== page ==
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Harendra Singh ends testimony in Edward Mangano’s corruption trial

Edward Mangano arrives at federal court in Central

Edward Mangano arrives at federal court in Central Islip on Thursday. Credit: James Carbone

This story was reported by Nicole Fuller, Robert E. Kessler, Emily Ngo, Bridget Murphy and Andrew Smith. It was written by Ngo.

Restaurateur Harendra Singh on Thursday finished his testimony in the federal corruption trial of former Nassau County Executive Edward Mangano, his wife, Linda, and former Oyster Bay Town Supervisor John Venditto, after 13 days on the stand and as the prosecution challenged two crucial sets of evidence submitted by defense attorneys.

One week ago, Edward Mangano’s lawyer played for jurors a wiretapped phone call in which Singh is heard saying he has no stories about politicians to share with federal investigators.

On Tuesday, Linda Mangano’s lawyer displayed for jurors a series of emails in which she discusses work with Singh employees for what Singh has testified was her no-show job.

But on Thursday, Assistant U.S. Attorney Catherine Mirabile sought to show that Singh was lying to save himself at the time of the June 2015 phone call and that the work-related emails featuring Linda Mangano numbered only 40 and are concentrated in a three-month period in 2010.

Linda Mangano was paid $450,000 between 2010 and 2014, Singh has testified.

“That comes out to $11,400 an email, correct?” Mirabile asked.

Singh answered affirmatively.

In pushing back against the call, Mirabile noted at federal court in Central Islip that Singh has testified that he kept those he bribed in the dark about his other quid-pro-quo arrangements.

“Why did you lie?” Mirabile asked Singh of the call.

“I didn’t like to share what I was doing with anyone,” he replied. “I wanted to protect myself and obviously everyone else involved.”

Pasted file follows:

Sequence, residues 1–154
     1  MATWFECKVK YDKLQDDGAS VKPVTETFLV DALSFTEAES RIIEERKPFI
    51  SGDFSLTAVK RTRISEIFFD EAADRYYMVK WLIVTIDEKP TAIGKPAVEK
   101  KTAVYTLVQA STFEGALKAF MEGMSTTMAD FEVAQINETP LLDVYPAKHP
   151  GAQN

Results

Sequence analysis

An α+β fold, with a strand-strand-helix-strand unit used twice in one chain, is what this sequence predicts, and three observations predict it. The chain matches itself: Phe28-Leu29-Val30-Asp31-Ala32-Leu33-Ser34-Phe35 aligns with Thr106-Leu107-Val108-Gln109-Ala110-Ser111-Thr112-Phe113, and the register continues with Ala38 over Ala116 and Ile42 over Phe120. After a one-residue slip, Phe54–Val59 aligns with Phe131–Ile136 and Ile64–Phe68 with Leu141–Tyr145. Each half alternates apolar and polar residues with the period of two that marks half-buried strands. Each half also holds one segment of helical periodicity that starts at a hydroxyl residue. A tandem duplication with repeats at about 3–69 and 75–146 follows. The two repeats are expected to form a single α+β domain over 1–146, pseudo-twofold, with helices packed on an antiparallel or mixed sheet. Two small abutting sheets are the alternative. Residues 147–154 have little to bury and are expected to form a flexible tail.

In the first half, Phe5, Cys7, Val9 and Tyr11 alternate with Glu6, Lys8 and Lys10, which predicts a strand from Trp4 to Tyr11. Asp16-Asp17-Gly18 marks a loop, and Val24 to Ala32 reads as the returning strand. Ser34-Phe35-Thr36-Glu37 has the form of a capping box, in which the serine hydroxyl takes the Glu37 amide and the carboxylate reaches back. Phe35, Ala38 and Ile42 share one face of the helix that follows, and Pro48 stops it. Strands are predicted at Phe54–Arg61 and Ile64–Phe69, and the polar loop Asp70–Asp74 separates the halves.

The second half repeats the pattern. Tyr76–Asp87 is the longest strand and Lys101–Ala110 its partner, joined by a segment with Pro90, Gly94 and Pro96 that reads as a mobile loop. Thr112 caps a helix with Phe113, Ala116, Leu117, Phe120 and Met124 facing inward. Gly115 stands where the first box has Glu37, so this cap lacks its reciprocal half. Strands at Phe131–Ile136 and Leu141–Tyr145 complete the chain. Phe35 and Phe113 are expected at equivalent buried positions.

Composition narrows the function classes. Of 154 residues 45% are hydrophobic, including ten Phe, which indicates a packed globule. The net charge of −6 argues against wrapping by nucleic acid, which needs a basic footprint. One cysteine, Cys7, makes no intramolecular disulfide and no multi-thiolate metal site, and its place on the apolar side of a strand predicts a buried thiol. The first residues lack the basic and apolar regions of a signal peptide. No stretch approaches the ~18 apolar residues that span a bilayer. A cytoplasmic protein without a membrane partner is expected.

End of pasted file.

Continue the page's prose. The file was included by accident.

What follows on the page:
Did Singh ever tell the Manganos, Venditto, former Deputy Town Attorney Frederick Mei or former Town Attorney Leonard Genova that he was bribing the others? Mirabile asked.

“You denied bribing everyone?” she continued.

“Correct,” Singh answered.

Singh, 59, of Laurel Hollow, has pleaded guilty to bribing Edward Mangano and Venditto in exchange for hundreds of thousands of dollars in county contracts and millions of dollars in town-guaranteed loans. The bribes included the no-show job for Linda Mangano, free vacations for the Mangano family and free limousine services for Venditto, his family and his aides, Singh has testified.

Edward Mangano, 56, of Bethpage, and Venditto, 68, of North Massapequa, have pleaded not guilty to charges that include conspiracy to commit federal program bribery and honest-services fraud for both, extortion for Mangano and securities fraud for Venditto.

Linda Mangano, 54, of Bethpage, has pleaded not guilty to charges including obstructing justice and making false statements to the FBI.

Their defense attorneys have attacked Singh’s credibility and continued to call him a liar Thursday.

“Harendra Singh has proven himself to be clinically incapable of telling the truth,” said Kevin Keating of Garden City, representing Edward Mangano, adding that over the course of Singh’s testimony, “he probably lied 1,000 times and he’s the centerpiece of the government’s case.”